Remembering Henry Hyde

The Honorable Henry Hyde (R-Illinois) died yesterday morning at the age of 83, having spent 32 years in the U.S. House of Representatives. National Review Online memorializes him here. Perhaps remembered most for his “Hyde Amendment,” he was instrumental in banning the public funding of abortions through Medicaid and is regarded as a hero by those who morally object to paying for abortion through their taxes. He also fought Oregon’s “Death with Dignity Act” at the federal level.

During his years in public life, Henry Hyde was a profile in courage. He has been quoted as saying, “People want to do what’s right, but unfortunately they would rather be perceived as doing right than as actually doing what’s right.”

“Henry was a student of American history, a constitutional scholar, a thoughtful legislator and a passionate orator,” said House Minority Leader John Boehner.

The National Review’s memorial concludes:

“During the height of the [President Clinton] impeachment controversy, Rep. Maxine Waters, a left-wing Democrat, tried to scold Hyde: “˜History will not be kind to you.’

“She was, mercifully, wrong. History will remember Henry Hyde for precisely what he was: One of the great congressmen of his generation “” or any generation.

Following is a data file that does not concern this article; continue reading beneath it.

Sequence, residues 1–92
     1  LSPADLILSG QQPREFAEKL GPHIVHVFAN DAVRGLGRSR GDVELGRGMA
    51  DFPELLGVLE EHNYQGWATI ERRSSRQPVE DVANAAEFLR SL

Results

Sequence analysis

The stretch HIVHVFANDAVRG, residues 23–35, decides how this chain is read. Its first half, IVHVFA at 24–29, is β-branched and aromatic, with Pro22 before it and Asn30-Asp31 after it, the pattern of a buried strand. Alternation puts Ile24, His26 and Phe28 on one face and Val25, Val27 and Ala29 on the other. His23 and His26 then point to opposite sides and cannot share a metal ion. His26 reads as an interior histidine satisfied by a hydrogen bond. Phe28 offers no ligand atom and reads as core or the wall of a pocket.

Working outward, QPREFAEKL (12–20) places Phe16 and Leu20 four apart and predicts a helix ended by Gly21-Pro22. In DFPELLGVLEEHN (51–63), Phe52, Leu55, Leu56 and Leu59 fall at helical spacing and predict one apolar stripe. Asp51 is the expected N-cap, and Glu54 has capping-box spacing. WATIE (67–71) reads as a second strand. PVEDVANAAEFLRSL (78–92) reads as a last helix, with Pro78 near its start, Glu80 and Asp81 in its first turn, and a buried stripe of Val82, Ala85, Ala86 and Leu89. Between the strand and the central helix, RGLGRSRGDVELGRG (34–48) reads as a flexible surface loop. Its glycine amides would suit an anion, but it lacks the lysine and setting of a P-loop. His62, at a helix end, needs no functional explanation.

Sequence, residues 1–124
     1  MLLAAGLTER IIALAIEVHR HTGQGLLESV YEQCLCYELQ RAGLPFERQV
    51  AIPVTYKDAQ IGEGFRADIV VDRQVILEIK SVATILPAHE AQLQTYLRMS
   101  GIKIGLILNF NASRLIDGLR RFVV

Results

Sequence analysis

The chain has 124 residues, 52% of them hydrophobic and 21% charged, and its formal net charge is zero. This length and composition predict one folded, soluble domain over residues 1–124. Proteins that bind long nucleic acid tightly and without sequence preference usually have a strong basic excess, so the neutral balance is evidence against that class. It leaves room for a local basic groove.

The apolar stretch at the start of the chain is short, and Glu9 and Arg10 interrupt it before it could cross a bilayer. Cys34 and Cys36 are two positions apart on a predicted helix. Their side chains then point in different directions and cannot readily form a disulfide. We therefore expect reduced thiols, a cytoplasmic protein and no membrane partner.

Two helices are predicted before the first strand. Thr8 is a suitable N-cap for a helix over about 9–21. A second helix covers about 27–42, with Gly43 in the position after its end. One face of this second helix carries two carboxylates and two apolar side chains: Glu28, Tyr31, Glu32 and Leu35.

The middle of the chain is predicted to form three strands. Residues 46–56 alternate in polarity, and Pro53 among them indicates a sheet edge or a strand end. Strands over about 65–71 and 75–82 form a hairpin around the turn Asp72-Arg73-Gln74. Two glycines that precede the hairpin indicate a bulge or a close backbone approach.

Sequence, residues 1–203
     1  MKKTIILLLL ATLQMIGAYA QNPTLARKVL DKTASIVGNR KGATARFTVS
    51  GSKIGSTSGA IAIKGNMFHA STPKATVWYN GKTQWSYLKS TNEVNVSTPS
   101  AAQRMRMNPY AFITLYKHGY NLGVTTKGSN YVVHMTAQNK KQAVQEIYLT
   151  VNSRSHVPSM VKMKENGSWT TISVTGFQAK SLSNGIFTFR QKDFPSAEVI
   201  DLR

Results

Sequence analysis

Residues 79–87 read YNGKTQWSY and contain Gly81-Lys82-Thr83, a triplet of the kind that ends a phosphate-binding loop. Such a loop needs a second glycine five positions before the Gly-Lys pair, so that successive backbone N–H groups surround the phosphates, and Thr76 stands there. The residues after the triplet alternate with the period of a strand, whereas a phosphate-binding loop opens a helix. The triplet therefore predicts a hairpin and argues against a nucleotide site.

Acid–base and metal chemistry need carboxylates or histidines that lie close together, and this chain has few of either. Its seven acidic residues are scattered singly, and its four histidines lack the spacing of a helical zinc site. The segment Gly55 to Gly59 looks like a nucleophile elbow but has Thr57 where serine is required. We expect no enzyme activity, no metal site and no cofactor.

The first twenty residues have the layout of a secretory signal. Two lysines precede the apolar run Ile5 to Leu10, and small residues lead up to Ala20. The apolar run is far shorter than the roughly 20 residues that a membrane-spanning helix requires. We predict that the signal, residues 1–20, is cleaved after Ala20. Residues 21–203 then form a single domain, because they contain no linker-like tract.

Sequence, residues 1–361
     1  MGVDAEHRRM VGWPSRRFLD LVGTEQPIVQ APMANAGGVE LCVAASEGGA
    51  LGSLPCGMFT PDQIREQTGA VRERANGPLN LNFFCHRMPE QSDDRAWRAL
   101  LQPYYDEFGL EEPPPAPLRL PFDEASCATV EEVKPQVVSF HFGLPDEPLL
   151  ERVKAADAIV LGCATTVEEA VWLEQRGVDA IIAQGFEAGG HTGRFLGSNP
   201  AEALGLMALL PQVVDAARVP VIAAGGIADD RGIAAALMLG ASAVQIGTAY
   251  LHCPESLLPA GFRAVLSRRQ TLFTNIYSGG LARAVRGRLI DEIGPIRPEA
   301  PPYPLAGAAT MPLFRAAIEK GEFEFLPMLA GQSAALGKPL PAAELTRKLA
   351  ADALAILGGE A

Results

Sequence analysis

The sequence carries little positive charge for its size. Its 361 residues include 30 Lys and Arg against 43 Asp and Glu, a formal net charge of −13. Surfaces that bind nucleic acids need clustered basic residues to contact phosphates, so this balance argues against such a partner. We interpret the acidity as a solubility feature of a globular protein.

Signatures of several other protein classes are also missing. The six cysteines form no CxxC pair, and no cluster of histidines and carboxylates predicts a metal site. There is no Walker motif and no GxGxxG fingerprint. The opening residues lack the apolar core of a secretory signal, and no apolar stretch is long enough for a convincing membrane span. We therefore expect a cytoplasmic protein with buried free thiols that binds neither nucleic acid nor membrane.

“Earlier this month, Congressman Hyde was honored at the White House with the Presidential Medal of Freedom”¦.President Bush said of Hyde: “˜He used his persuasive powers for noble causes. He stood for a strong and purposeful America “” confident in freedom’s advance, and firm in freedom’s defense. He stood for limited, accountable government, and the equality of every person before the law. He was a gallant champion of the weak and forgotten, and a fearless defender of life in all its seasons. Henry Hyde spoke of controversial matters with intellectual honesty and without rancor.'”

The federal government paid for 300,000 abortions the year before the Hyde Amendment first passed in 1976. Say the editors of the National Review, “The National Right to Life Committee has estimated, conservatively, that the Hyde Amendment has prevented at least one million abortions. That’s one million Americans who are alive today because of Henry Hyde.”

Henry Hyde was a great American and a great gentleman. By his peers in Congress and by those of us who follow Congressional politics, he will be missed.

Kathryn Hickok is Publications Director and Development Coordinator at Cascade Policy Institute, Oregon’s free market think tank.